Celtics legend Robert Parish says Dubs’ Draymond Green a ‘fingernail away’ from letting his teammates down with his antics

In a month of NBA culture wars between old and new school, Ye Olde Argument on Physicality reared his familiar head into the discourse of the 2022 NBA Finals series, which was unfolding between the Boston Celtics and the Golden State Warriors as a result of Dubs star forward Draymond Greens groundbreaking escapades.

Green’s hyper-aggressive play on the pitch, coupled with his candid admission that he’s aware of how he’s officiated, prompted a response from Celtics alumnus and broadcaster Cedric Maxwell in what some euphemistically call a “corrective altercation.” was referred to, who he might have encountered in the 1980s.

That, in turn, was answered by former Maxwell teammate and Celtics champion Robert Parish, whose wise message probably draws less attention than his recounting of a frustrating moment with Detroit Pistons enforcer Bill Laimbeer.

Speaking on a recent episode of the WEEI show “Merloni, Fauria and Mego,” Chief let it be known that a similar outcome may have occurred when Green played like this in his day, confirming Maxwell’s take.

“Draymond is an instigator. That’s right,” Parish said. “He does everything to provoke people. That’s why he would have been beaten – because he’s an antagonist.”

But while it’s easy to fall for the boastful element of the four-time champion’s comments, what he later said might ring truer in hindsight if Green continues to act like he did in Game 2.

“Both sides know that Draymond is a lateral thinker. Like I said, I think he’s a troublemaker,” Parish explained.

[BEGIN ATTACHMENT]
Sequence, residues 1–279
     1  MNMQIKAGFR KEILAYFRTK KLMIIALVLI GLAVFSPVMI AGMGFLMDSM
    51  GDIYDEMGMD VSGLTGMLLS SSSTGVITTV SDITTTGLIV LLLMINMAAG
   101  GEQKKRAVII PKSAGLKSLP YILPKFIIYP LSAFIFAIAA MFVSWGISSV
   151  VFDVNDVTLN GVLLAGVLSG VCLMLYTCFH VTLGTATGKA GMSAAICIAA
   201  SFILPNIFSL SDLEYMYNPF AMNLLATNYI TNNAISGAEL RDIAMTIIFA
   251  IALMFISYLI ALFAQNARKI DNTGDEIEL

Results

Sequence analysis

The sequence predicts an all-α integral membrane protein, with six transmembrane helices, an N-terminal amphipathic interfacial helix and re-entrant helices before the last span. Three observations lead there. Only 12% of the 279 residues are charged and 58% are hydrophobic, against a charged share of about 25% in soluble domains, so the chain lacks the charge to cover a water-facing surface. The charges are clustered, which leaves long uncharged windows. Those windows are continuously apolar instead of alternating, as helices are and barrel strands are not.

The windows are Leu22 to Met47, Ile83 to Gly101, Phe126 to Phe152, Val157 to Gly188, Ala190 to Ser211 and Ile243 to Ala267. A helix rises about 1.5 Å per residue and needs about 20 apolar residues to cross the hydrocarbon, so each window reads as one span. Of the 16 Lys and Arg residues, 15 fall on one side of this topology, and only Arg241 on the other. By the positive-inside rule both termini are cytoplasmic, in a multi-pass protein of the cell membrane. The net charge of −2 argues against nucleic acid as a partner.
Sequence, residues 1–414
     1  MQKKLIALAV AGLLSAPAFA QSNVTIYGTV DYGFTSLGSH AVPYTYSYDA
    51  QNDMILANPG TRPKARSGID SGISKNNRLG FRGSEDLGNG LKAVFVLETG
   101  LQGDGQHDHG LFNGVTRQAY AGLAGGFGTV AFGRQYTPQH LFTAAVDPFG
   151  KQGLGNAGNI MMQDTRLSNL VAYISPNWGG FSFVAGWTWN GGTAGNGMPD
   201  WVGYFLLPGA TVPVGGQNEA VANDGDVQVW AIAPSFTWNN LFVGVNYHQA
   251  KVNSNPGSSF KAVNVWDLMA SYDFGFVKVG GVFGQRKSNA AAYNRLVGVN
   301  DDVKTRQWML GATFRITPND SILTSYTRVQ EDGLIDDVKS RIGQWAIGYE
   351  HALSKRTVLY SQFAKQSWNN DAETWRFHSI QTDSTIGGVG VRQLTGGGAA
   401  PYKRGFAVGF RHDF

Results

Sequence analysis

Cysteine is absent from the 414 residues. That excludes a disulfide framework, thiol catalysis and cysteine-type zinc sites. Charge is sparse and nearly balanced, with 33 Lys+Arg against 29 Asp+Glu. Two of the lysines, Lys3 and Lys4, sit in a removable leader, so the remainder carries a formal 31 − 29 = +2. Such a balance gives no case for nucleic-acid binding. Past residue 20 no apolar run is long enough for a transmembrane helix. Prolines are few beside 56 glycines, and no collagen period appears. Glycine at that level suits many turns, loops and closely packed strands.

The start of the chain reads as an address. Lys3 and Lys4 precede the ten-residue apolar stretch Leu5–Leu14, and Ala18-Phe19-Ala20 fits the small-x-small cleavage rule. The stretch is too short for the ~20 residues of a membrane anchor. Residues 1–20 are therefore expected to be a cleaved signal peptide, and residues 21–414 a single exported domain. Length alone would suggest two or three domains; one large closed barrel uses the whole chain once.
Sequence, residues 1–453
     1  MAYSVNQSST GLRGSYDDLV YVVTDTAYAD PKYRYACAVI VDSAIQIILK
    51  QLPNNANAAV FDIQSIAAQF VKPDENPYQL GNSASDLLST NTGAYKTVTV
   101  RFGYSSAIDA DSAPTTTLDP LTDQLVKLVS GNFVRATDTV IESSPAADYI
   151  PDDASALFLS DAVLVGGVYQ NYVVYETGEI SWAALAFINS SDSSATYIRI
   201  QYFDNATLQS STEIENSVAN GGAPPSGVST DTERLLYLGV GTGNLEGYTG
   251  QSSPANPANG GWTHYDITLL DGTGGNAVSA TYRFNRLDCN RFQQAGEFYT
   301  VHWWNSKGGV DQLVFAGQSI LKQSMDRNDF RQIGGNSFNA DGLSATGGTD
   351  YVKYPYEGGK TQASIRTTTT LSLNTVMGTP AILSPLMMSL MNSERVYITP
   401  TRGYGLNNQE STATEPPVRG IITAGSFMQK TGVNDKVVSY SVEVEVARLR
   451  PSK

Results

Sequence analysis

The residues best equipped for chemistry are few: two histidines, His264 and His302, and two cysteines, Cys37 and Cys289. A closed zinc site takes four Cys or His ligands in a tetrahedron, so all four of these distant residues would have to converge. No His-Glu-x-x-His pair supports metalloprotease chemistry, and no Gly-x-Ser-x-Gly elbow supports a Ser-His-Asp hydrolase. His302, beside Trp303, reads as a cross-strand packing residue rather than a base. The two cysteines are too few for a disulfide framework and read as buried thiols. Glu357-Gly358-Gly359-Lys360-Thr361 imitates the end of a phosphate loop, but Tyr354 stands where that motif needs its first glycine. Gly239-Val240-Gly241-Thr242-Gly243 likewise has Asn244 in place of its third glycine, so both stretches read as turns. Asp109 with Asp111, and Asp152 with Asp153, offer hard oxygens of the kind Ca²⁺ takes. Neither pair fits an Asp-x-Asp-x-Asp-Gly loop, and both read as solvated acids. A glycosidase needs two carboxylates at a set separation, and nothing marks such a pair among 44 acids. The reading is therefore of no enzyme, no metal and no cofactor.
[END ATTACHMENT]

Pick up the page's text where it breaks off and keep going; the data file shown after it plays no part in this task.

“He’s one fingernail away from letting his teammates down. I think he’s reporting the officers, and you can’t. You had to warn him. He tried to cause trouble with various Celtics players, tried to get them to do something atypical. Try to provoke them to harm their team. He reminds me a bit of Dennis Rodman provoking: nudge the dog, nudge the dog.”

“But sooner or later the dog will bite you,” he added.

That dog biting could take a variety of forms — Green crosses the line and gets suspended from a playoff game for the second time this postseason and could end up costing his team a banner for the second time in his career.

It could also spark a struggle in a league that is much less forgiving of in-game altercations than it was in Parish’s days, which will likely result in both teams’ bans on key players.

Regardless of how one feels about the status quo and Green’s abuse of it, we hope that the actual basketball being played in these finals will be the focus of future conversations.

This post originally appeared on Celtics Wire. Follow us on Facebook!

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